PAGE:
The thyroid is a popular topic in medicine (hence my second blog post on the gland). Responsible for how quickly our body uses energy, this small organ has a large effect on our overall health. Reduced thyroid function is a common problem that is not always obvious on lab tests. Many foods and everyday chemicals can have negative effects on the health of the thyroid gland, causing symptoms such as weight gain, fatigue, depression, constipation and dry hair and skin.
Although soy products are widely used for osteoporosis, cancer prevention, and menopausal symptoms, laboratory and human studies have shown that soy isoflavones, reduce thyroid hormone production. These compounds inhibit thyroid peroxidase, the enzyme that incorporates iodine to complete the synthesis of thyroid hormones. Soy can also inhibit the conversion of T4 to the active thyroid hormone, T3.
Thiocyanate is a detoxification product of cyanide and it inhibits the transport and uptake of iodine into the thyroid to produce thyroid hormones. Thiocyanate levels increase with consumption of goitrogens, such as brussel sprouts, broccoli, cabbage, and cauliflower, environmental toxins and cigarette smoke. The effect is pronounced in individuals with iodine deficiency and is reversed with iodine supplementation.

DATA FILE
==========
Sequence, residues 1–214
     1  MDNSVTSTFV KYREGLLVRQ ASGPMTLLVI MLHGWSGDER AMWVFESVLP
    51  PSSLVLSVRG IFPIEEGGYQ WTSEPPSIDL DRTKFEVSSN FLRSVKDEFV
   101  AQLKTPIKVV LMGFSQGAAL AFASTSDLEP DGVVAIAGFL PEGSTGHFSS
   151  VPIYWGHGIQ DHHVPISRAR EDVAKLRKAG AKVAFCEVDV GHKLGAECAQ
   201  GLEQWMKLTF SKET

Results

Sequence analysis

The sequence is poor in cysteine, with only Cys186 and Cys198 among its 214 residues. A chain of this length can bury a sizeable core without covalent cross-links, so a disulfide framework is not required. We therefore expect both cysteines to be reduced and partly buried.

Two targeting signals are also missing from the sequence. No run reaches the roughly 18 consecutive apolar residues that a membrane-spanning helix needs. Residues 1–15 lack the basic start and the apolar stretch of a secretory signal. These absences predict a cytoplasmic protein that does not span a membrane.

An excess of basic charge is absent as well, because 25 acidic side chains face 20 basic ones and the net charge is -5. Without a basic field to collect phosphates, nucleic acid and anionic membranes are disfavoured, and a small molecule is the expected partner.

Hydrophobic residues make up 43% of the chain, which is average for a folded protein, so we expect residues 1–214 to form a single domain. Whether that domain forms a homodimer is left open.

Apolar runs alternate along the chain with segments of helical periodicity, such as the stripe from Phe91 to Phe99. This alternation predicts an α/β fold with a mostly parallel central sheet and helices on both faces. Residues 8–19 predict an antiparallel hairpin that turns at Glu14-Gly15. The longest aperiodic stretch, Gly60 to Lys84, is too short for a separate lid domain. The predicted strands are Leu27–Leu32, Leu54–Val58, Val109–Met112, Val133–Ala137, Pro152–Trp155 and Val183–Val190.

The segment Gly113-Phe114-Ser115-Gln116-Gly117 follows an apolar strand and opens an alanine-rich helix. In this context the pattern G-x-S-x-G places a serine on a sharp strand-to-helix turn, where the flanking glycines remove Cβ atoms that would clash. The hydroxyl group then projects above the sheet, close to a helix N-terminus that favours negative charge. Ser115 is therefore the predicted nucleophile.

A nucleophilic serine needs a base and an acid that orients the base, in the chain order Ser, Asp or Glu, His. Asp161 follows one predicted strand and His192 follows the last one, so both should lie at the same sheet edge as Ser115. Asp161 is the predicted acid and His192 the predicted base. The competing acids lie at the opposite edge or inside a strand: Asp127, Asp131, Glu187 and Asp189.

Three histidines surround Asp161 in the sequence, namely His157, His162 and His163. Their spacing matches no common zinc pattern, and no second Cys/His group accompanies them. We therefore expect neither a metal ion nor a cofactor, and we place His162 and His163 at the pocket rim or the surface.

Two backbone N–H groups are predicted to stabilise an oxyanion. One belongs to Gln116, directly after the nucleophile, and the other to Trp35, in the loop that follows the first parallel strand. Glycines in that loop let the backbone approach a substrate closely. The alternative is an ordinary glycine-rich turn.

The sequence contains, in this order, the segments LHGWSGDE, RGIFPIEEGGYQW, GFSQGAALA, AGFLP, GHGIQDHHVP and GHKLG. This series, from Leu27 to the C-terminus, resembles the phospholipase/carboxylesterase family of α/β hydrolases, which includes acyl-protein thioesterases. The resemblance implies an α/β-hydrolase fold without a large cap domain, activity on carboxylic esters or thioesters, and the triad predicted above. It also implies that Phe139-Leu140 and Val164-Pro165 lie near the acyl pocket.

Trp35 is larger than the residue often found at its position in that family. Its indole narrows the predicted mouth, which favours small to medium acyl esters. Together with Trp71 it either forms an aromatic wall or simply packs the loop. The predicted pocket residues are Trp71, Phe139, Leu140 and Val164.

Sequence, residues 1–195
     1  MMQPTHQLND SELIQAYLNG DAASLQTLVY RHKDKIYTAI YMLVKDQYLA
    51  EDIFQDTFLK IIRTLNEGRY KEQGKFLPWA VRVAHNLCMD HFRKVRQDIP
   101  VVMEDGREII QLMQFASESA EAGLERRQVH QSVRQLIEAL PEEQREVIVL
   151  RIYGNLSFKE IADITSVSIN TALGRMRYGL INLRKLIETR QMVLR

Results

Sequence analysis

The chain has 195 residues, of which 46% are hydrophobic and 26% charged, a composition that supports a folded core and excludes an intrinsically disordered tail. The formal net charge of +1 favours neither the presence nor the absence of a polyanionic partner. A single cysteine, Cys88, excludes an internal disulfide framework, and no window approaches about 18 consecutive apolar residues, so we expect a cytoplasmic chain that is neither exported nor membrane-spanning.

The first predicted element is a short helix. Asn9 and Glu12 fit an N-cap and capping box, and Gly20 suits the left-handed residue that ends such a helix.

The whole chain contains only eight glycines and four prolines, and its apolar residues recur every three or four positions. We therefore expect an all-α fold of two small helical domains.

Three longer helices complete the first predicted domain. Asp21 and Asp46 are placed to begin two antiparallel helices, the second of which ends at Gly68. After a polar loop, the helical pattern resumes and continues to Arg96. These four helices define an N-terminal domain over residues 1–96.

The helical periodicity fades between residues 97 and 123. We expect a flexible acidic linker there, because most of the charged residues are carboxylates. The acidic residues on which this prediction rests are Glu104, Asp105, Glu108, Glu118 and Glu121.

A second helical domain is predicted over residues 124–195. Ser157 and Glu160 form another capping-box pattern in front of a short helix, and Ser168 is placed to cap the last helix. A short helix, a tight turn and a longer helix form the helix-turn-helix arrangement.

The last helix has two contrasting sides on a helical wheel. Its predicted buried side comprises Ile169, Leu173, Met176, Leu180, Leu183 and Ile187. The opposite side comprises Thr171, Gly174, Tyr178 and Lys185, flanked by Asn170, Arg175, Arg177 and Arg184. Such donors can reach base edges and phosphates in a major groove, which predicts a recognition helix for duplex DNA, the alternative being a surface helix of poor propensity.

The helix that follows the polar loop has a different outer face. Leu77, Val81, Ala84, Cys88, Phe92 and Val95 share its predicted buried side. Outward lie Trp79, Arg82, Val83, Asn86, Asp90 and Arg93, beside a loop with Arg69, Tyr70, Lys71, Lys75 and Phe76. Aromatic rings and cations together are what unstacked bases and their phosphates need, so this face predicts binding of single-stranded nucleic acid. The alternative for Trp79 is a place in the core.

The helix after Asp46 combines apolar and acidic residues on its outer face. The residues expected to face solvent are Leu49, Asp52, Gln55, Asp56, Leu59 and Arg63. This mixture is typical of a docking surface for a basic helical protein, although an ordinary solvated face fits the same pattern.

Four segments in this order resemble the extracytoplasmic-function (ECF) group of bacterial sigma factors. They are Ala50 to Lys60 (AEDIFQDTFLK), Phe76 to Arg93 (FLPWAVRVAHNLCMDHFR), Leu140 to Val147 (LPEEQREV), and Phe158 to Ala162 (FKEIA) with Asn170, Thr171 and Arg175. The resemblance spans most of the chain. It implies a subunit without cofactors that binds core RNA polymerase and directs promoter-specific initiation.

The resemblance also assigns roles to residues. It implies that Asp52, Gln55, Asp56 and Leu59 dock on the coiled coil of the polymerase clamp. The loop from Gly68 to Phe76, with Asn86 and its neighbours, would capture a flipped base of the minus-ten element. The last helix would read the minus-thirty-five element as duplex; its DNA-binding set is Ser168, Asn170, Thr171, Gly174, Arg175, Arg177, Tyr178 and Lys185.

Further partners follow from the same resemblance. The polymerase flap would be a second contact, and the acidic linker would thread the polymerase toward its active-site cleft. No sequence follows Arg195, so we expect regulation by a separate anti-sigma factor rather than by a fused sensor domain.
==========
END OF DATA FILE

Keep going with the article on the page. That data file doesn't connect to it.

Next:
Despite being banned in the 1970s, polychlorinated biphenyls are still present in the environment. Long-term exposure to PCBs causes thyroid dysfunction, increased thyroid volume and nodule formation. By increasing the release of TSH, these industrial chemicals can cause an insensitivity or resistance of your body to thyroid hormones.
Pesticides are still ubiquitous in the environment and studies show that exposure increases the risk of developing thyroid problems. Similarly, nearly 60% of the pesticides used today can alter thyroid hormone production and make losing weight more difficult.
Marketed as a tool to keep you healthy, synthetic antibacterial compounds can have negative effects on your health. Triclosan, which is added to soaps, can disrupt normal thyroid functioning.
Chronic exposure to heavy metals—mercury, lead and aluminum—alters the immune system, causing the production of antibodies that attack your own cells. These autoantibodies can lead to the autoimmune thyroid conditions, Grave’s Disease and Hashimoto’s thyroiditis.
Plastics are dangerous to the body in a number of ways. In addition to the cancer-promoting properties of BPA in water bottles, storage containers and sports equipment, this chemical decreases the sensitivity of thyroid receptors, causing thyroid hormone resistance.
Although the thyroid gland has numerous effects on your health, its function is easily disrupted with food and chemical exposure. Limiting this exposure while enhancing your body’s detoxification pathways is an important first step to maintaining optimal thyroid function.